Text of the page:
Willow Trees


Willow Trees

Willows can be small bushes to large trees up to 70 feet tall. Leaves are bright green above and pale-green beneath, alternate, simple, lance-shaped (2 to 6 inches long and 1/2 to 3/4 inch wide), finely toothed and attached to the stem by a short petiole. Flowers are small, borne in a catkin spike and develop in early spring as leaves develop. Willows can spread aggressively around ponds and should be kept off the dams or levees. All trees should be kept off dams because their roots can penetrate the core and make them leak and they have high evaporation rates.

Submerged portions of all aquatic plants provide habitats for many micro and macro invertebrates. These invertebrates in turn are used as food by fish and other wildlife species (e.g. amphibians, reptiles, ducks, etc.). After aquatic plants die, their decomposition by bacteria and fungi provides food (called "detritus") for many aquatic invertebrates. Willows are used as nesting sites for many species of birds. Leaves and buds of willows are consumed by some birds and mammals.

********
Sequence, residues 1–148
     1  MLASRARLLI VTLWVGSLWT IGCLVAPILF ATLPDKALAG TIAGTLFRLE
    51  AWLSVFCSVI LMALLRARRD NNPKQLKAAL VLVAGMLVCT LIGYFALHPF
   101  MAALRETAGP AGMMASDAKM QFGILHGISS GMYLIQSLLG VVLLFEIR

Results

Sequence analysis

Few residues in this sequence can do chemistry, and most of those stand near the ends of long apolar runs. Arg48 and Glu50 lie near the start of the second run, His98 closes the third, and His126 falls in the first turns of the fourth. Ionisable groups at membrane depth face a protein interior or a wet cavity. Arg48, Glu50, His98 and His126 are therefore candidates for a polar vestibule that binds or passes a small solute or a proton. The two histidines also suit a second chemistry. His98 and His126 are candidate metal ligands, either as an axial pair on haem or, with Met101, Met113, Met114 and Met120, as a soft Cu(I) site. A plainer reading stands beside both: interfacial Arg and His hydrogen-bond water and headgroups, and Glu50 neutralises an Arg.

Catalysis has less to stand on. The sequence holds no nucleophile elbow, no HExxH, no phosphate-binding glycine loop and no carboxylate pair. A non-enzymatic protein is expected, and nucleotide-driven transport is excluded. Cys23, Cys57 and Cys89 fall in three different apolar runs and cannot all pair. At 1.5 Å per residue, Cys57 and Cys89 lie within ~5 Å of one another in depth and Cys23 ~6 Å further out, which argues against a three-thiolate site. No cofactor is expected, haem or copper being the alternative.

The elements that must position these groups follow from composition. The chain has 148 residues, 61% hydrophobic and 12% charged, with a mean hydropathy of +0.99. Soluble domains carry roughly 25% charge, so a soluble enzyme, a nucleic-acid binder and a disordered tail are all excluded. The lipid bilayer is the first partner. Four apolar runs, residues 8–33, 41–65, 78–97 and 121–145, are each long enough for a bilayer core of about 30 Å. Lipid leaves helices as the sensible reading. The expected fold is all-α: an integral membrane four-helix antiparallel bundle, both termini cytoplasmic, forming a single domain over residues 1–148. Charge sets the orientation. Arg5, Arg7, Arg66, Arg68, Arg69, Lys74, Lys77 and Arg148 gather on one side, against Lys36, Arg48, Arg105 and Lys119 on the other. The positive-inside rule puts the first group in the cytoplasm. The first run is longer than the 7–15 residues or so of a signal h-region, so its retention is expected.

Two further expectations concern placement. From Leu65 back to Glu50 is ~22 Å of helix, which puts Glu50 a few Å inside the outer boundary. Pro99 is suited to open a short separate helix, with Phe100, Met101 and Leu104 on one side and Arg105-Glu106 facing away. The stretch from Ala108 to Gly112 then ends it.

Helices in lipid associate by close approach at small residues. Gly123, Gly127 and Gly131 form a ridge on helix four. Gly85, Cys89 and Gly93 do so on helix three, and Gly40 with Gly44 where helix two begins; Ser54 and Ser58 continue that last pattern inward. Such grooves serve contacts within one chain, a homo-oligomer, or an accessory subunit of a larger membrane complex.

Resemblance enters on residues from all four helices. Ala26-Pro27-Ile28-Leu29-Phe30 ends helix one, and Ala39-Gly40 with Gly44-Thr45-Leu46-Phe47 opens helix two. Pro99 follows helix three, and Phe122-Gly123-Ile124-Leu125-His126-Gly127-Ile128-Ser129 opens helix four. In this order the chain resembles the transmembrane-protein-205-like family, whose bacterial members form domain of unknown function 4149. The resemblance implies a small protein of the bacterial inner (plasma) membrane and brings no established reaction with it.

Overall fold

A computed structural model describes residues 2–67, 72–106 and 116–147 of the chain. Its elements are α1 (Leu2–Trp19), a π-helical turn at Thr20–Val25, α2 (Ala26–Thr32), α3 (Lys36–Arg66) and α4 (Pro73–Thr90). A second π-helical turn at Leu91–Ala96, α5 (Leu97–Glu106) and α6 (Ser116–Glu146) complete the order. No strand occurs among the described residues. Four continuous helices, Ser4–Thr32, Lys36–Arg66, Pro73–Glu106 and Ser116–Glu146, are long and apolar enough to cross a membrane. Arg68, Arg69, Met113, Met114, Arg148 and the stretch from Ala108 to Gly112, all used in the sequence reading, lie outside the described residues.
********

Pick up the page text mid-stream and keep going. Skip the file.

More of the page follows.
Herbicide Management Options:


Rodeo: is a liquid glyphosate formulation and has been effective on Willow Trees. This is a broad spectrum, systemic herbicide. Systemic herbicides are absorbed and move within the plant to the site of action. Systemic herbicides tend to act more slowly than contact herbicides. An aquatically registered surfactant (see the label) will have to be added to the glyphosate solution for good results.

Habitat: contains the active ingredient, imazapyr, which inhibits the plant enzyme AHAS (acetohydroxyaced synthase). Habitat is a systemic herbicide that is effective on post-emergent floating and emergent aquatic vegetation. Imazapyr is effective at low-volume rates and does not contain heavy metals, organochlorides or phosphates, making it safe to humans and livestock. Habitat requires the use of a non-ionic surfactant when applying on post-emergent vegetation.

Biological Management Options: There are no available methods for biological control of cattails at this time.